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Ready for self-updating company cards and tickets?

What if, instead of ordering brand-new business cards when you change jobs, you could simply update your existing card directly? Or if you could call up a brand-new color of wallpaper when you grew tired of the old?

Turning daily paper products into interactive gadgets is ending up being a possibility thanks to the work of Elvira Fortunato and her spouse Rodrigo Martins, the Portuguese creators of paper transistors. As the electronic book and online newspaper threaten to turn paper into simple packaging, their research guarantees a brand-new future for a 2,000-year-old material.

A director of the Materials Research Centre (Cenimat) at Lisbon’s Universidade Nova, Prof Fortunato began taking a look at paper as an assistance product for transistors, the Lego bricks, as she puts it, that offer the computing power in nearly every electronic device.

Her development featured the discovery that paper might function in a transistor as an active part. A transistor needs insulating, semi-conducting and conducting content to work, she says. Our development was to reveal that paper could provide the insulating element.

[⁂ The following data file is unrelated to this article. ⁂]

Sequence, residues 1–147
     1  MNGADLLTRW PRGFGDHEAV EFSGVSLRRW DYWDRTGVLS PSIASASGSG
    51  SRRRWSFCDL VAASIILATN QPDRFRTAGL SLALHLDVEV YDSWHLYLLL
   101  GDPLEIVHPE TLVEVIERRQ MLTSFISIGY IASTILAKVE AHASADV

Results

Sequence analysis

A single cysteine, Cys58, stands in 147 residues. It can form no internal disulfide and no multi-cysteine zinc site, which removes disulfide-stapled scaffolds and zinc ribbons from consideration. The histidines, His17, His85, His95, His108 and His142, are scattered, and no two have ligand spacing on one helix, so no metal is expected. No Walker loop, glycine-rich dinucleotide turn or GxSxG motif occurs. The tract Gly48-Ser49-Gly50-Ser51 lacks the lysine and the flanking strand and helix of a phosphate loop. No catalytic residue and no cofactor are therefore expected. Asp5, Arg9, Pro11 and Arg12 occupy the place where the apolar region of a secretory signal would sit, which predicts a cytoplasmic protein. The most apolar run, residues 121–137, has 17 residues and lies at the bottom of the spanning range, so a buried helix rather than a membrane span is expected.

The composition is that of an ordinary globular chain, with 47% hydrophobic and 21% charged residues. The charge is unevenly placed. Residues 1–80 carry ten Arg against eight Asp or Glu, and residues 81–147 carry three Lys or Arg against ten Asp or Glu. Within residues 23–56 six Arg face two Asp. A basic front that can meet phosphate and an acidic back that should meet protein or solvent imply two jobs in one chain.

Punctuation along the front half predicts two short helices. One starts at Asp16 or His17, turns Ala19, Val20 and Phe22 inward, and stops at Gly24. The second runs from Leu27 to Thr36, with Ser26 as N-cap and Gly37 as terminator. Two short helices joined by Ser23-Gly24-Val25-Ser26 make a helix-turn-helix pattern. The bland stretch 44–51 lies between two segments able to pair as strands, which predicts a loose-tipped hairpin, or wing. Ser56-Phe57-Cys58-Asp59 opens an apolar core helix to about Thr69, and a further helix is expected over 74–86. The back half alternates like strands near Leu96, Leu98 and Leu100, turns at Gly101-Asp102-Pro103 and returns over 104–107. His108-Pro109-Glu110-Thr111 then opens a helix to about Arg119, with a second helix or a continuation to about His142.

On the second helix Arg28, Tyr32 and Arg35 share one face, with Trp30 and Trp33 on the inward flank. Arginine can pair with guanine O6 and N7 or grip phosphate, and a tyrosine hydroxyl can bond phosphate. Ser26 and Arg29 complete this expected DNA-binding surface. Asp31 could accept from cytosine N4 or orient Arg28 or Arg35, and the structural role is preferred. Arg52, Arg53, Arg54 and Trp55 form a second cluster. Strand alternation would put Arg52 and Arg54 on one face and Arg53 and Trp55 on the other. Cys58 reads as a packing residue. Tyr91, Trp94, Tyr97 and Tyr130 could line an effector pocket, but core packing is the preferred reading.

Deploying zinc oxide, another cheap and plentiful compound, as a semiconductor, and aluminum as the conductor, the team used copy paper and an adapted ink-jet printer to make its very first transistor. I thought the probability of success was extremely low, but it worked very first time, says Prof Fortunato.

Since releasing their results in 2008, the group has been dealing with potential industrial applications. It is now a candidate to run a 20m European pilot job to make paper chips. In two to four years, Europe might see the birth of an electronic paper industry, says Prof Martins.

Their goal is developing low-cost, non-reusable applications to complement instead of change silicon chips. The latter are more efficient, however likewise much pricier and ecologically damaging to produce. Up to 80 percent of naturally-occurring silicon is lost in the manufacture of chips, which requires high temperature levels, clean spaces and the use of toxic gases.

Paper microchips, by contrast, can nearly be made at home, says Prof Fortunato. They use about 1,000 times less content, can be produced at space temperature at a portion of the cost and are completely recyclable and disposable.

Smart labels, consisting of interactive shipping tags and from another location updateable grocery store labels, are high on the list of potential uses, along with self-updating aircraft tickets, company cards and food labels. Anxious that a senior relative may have forgotten to take their medication? Packages of tablets could quickly notify you by electronic message.

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